Motol generously greets and treats guests with an open soul

Have you ever tried potato tarkavanka with dried apples and meat, baked in a loaf of bread, or porridge cooked in a pumpkin? I have. Not in a city restaurant offering extravagant cuisine but in an ordinary Belarusian village: Motol, in the Ivanovo District of the Brest Region.

By Lyudmila Minakova

You can try Motol delicacies in almost any village house. Back in 1555, when Motol was granted the Magdeburg Right, it was already famous for its authentic cuisine and generous affable people of all trades. They could reap, weave, build stoves and sew outstanding sheepskin coats. What’s more, all worked hard to preserve their forefathers’ traditions and language — old and young. Even the smallest still speak the unique Motol dialect which, in their opinion, can only be compared with the beauty of the French or Italian.

Foreigners often visit Motol, with the annual Motol Delicacies culinary festival, which takes place in August, proving especially popular. Belarusian customs, songs and folk dishes are presented, with recipes not only delicious but completely original throughout Europe. You might find meat shaped into a peacock or a king made from sausages…

“I love Motol dishes,” confesses Italian food critic Renato Cucinotta, who this year attended the Motol festival. “Ordinary sausages were turned into a peacock!”

Local entrepreneurs keep their culinary traditions alive. Despite having only 4,000 residents, there are three bakeries, a fishmonger’s and three meat-processing shops. Curiously, many food related businesses have been in families for generations. In the 1930s, one cooked meat factory belonged to Stefan Minyuk; today, his grand-grandson, Andrey, together with his wife and children, runs Minyuk’s farm. They produce sausages and other meat products from ancient home recipes, using locally grown garlic, pepper and coriander.

Motol foods enjoy popularity among locals of course, who say that little has changed in their eating habits over the past few decades. “We might now decorate our dishes more,” says Motol resident Maria Mikhovich. “I like adding greenery, or birds and flowers made from food, but our cuisine remains unchanged. Guests from remote corners of Belarus and elsewhere often ask where we learnt to cook like this; naturally, from our grandparents! In the past, there were no recipe books, so we taught one another.”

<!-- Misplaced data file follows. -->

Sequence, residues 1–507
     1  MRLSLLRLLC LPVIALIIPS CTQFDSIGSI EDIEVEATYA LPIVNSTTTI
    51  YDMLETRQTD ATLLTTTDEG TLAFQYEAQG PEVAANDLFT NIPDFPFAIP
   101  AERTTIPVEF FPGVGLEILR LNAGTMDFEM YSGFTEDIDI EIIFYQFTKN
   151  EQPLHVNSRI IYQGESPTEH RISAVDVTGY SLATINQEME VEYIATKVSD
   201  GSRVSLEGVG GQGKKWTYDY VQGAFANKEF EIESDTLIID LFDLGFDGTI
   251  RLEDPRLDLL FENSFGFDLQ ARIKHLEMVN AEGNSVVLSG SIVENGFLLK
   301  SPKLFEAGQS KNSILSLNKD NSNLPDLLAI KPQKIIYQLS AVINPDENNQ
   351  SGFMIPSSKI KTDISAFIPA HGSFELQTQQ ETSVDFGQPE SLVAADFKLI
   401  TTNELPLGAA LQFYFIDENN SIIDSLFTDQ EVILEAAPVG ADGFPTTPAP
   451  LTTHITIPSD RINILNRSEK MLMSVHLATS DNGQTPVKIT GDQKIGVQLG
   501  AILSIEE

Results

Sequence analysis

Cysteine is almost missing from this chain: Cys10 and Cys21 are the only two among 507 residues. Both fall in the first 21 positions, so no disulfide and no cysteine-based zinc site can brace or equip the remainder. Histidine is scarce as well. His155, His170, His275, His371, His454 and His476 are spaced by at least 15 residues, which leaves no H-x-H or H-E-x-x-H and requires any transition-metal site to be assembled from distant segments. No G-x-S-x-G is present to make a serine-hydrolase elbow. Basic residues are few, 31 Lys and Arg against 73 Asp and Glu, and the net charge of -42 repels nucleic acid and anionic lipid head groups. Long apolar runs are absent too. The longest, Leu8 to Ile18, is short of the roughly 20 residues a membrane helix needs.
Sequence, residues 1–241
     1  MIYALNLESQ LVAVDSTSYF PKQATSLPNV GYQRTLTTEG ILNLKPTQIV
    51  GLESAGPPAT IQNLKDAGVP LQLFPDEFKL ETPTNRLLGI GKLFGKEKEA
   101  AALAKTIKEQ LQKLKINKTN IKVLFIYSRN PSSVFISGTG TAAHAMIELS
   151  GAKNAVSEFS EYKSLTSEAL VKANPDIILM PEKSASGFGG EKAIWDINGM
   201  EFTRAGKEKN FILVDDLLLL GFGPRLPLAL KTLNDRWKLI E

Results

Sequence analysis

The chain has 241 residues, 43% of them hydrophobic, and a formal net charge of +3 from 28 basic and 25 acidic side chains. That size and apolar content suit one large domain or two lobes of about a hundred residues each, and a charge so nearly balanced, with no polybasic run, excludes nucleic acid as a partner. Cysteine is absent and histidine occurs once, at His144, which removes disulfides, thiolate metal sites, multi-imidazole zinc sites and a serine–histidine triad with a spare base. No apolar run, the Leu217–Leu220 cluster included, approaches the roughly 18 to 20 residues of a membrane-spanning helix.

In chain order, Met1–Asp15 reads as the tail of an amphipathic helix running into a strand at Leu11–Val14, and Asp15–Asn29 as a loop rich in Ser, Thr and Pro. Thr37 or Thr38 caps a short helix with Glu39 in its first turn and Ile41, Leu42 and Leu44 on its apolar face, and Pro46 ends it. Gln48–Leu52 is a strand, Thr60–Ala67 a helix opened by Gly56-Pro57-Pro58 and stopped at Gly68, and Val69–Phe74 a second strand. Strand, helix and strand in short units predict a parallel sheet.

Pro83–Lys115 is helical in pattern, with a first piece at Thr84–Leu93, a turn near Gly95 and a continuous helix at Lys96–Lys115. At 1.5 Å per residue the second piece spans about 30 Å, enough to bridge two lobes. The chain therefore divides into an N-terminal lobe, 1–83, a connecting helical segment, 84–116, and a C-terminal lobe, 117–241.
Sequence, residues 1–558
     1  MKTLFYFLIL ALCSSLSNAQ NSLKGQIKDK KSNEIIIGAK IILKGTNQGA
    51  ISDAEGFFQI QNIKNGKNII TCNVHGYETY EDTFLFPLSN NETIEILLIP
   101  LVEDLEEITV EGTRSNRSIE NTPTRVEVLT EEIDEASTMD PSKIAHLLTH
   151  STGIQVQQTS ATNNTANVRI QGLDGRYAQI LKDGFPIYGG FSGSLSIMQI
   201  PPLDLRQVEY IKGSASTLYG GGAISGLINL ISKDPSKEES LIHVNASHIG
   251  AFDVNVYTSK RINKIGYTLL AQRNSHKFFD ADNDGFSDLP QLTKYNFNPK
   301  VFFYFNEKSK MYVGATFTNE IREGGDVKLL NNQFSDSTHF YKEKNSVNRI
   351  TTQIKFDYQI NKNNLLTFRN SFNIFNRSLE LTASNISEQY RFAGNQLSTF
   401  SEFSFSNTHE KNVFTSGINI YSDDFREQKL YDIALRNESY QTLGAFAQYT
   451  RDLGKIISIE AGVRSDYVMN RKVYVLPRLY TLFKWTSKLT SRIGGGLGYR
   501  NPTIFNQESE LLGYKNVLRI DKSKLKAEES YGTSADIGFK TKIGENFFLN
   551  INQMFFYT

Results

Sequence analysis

She shows me a large piece of baked pork. “To cook rulka, I first soak it in salted water for several hours, then season it with spices and let it cook in the oven. There are no additives; it’s very simple and very tasty. Motal kvass is just as easy. You merely boil water, adding 100 grams of yeast and 0.5 kilograms of sugar for every six litres. Another 100g of sugar should be caramelised until it turns almost black, to be used to colour the drink. Afterwards, let your kvass stand for about four hours before drinking. Try it!” and she hands me a cup.

It’s far better than shop bought. It’s so tasty that I have many more cups throughout the festival! You can’t part from any local housewife without treating yourself to a delicacy. Everyone there would surely agree.

“We tried everything,” smiles Mr. Cucinotta. “I most liked the fish dishes. There are far fewer fish dishes in Minsk than here. Motol residents are lucky, as they eat better than we do in the capital.” Obviously, the opinion of a food critic who has eaten in the best Minsk restaurants is worth listening to. Nobody can really deny the richness of Motol gastronomy though. Even the breakfasts are wonderful.

“We always ate pancakes on Sundays,” says Motol housewife Uliana Minyuk. In the local dialect, she describes their festive breakfast dishes. “Father and granddad ate pancakes with bacon. Being men, they needed more energy. Mother liked thick and thin pancakes with milk while we children preferred sweet pancakes.”

She still follows her mother’s recipe for pancakes for her family. She tells us that, to make thin pancakes which won’t tear, you shouldn’t add salt. Do smear the frying pan with fat though, to add flavour and make them easy to flip. “We should never forget our past,” she asserts. In her opinion, our past is like a torch lighting our way.

How wise are Motol dwellers, indeed! It’s no surprise that they try to preserve their ancient customs, especially the merry ones, in their day-to-day lives. You can still see the ‘Merry Loaf’ rite, where dough is kneaded before being put into the oven; the cooks sing ancient songs as they work, and make flowers to decorate the loaves. The rite is being put forward for UNESCO’s World Heritage List. While traditionally reserved for weddings, you can also see loaves baked in this way during demonstrations at the Motol Folk Traditions Museum.

Historian Tadeush Novogrodsky is one of the authors of Motol Folk Cuisine. He views Motol as a Klondike for folk historians, since so much has been preserved: customs, recipes and language. After spending a day or two in the village, you also start speaking with the local dialect, feeling closer to these friendly, generous people and our rich past.

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